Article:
The government raised gas tariffs for the power, industrial, and commercial sectors by a minimum of 14.48 percent and a maximum of 179 percent.
The new tariffs will take effect in February.
Last June, the Bangladesh Energy Regulatory Commission (BERC) increased the tariff by 22.78 percent on average.
A government executive order on January 12 raised electricity prices for consumers by an average of 5 percent.
Natural gas consumption for electricity generation has been increased to Tk 14 (179 percent) per cubic metre in the new tariff adjustment.
For captive power plants, the price will increase from Tk16 to Tk30 (88 percent), while for large industries, the price will increase from Tk11.98 to Tk30 (150.41 percent).
As for medium industries, the tariff has been raised from Tk11.78 to Tk30 (154.67 percent rise).
Economists and energy experts said that the rise in gas prices will increase the cost of production and price of essential commodities.
The government has taken the decision to raise the natural gas prices due to the import of LNG from spot market at high prices to meet local demand, the Ministry of Power, Energy and Mineral Resources said in a statement.
It also aimed to reduce the subsidy in the energy sector and ensure smooth supply to consumers.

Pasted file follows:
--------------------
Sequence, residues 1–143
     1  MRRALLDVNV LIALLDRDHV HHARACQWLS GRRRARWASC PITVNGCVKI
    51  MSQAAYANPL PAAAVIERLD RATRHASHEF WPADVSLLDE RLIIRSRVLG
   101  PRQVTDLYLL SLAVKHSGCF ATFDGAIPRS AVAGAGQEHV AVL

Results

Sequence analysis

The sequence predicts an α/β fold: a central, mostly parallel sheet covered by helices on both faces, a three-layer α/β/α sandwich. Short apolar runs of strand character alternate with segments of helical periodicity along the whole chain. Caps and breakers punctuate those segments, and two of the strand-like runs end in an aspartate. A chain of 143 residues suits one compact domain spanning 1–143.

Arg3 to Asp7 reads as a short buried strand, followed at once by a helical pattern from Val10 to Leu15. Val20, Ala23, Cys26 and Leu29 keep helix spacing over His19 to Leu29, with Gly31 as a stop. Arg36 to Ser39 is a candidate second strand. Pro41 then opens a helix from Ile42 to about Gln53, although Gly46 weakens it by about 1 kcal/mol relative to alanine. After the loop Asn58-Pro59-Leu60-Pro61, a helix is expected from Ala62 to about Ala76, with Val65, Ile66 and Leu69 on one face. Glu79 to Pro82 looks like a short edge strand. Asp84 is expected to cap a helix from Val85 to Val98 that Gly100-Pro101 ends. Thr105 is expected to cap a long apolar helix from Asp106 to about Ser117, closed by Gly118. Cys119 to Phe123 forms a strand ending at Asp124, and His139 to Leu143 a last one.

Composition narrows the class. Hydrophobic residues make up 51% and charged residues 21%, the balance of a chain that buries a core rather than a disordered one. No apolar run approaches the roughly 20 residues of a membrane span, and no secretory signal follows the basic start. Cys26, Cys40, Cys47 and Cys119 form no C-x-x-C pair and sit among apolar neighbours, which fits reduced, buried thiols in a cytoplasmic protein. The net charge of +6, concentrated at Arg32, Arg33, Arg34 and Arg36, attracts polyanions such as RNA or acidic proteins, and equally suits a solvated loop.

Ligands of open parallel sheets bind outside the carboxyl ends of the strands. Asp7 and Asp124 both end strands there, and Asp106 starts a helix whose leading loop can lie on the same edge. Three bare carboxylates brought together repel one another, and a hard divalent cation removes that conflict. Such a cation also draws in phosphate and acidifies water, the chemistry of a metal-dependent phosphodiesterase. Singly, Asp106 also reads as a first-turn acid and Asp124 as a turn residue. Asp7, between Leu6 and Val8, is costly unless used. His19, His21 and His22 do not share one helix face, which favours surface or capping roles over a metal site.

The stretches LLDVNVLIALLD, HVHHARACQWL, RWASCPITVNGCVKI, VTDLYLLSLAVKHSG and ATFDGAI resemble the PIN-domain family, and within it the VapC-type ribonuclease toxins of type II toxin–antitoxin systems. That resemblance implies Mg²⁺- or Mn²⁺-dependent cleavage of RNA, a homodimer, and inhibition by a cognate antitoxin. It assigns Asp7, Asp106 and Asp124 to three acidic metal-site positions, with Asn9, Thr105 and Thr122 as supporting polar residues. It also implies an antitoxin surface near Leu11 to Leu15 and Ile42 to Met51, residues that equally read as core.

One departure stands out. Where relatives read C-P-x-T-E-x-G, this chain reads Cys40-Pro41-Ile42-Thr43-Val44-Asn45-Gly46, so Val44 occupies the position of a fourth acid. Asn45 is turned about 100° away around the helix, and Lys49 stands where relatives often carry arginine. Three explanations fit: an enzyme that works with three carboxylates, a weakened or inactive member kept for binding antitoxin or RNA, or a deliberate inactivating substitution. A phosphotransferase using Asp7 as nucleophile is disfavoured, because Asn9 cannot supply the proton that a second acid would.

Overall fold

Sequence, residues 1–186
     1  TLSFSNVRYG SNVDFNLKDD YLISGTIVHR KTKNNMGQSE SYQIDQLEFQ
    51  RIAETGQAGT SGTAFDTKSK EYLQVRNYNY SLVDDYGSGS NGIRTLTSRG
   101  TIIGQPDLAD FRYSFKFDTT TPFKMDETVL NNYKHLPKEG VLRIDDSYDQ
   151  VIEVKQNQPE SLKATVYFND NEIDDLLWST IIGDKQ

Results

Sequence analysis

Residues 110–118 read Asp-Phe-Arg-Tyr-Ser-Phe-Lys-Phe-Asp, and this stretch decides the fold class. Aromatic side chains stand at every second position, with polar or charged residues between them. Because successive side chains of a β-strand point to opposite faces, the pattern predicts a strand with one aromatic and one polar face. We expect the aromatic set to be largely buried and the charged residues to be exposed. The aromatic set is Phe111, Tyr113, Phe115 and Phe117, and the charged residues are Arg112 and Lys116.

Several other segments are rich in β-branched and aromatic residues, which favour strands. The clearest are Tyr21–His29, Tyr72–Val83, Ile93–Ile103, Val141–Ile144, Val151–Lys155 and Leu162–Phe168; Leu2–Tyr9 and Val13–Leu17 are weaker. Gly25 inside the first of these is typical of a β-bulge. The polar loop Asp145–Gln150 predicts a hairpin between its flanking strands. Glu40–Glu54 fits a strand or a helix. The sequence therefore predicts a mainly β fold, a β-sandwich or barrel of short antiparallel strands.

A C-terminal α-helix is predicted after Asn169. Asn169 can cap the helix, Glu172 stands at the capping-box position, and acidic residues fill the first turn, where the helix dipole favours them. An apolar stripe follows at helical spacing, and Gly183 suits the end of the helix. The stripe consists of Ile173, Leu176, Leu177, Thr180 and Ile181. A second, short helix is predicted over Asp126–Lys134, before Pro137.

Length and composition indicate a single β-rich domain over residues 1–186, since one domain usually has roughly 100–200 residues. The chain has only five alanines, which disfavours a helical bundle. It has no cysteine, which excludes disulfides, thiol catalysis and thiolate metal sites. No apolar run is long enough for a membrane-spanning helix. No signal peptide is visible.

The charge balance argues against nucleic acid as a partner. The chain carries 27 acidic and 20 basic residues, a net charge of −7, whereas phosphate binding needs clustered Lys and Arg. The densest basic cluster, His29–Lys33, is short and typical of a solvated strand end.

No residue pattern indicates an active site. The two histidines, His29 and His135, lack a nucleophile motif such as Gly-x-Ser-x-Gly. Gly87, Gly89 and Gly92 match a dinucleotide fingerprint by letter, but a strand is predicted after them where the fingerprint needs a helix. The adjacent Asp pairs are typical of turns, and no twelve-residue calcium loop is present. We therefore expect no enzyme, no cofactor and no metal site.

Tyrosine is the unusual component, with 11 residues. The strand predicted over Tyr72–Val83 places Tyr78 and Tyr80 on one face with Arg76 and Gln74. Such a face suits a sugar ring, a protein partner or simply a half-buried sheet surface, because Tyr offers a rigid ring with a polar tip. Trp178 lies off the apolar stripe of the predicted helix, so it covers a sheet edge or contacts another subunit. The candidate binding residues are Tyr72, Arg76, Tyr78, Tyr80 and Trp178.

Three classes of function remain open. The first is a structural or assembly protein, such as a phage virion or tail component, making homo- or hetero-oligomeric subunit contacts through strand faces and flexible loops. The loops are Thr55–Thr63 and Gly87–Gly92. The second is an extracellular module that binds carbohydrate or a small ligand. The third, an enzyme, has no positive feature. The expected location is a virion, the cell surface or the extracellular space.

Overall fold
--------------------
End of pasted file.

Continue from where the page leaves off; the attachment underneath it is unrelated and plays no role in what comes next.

In the statement, the ministry said all types of energy prices are now unstable due to the Russia-Ukraine war.
Due to the war, the cost of insurance, risk, bank interest as well as dollar prices have increased significantly for importing fuels.
The government suspended the LNG import from spot market since July, 2022 due to volatile international market. So, the government is going to adopt rationing in supply of natural gas in different sectors.
Besides, the government has already endorsed the opinion from different stakeholders to best use natural gas and electricity against supply.
Dhaka Chamber of Commerce and Industry President Sameer Sattar said, “The government had to increase the gas prices due to its own unavoidable reasons.”
“However, there is a positive thing that it [the price hike] will not bring any immediate impact on households, agriculture and fertiliser sectors as the hike is not applied to them.”
“This move will impact industries, regardless of their size, as they may lose their competitive edge due to their cost of production going up,” he said, adding that small and cottage industries may try to pass on the additional costs to their end consumers as they face cost of production hike.”
“When we were recovering from Covid pandemic effect, during that time, the ongoing Russia-Ukraine war has put further uncertainty in global economy. Therefore, any type of additional cost will create a burden for the private sector,” he added.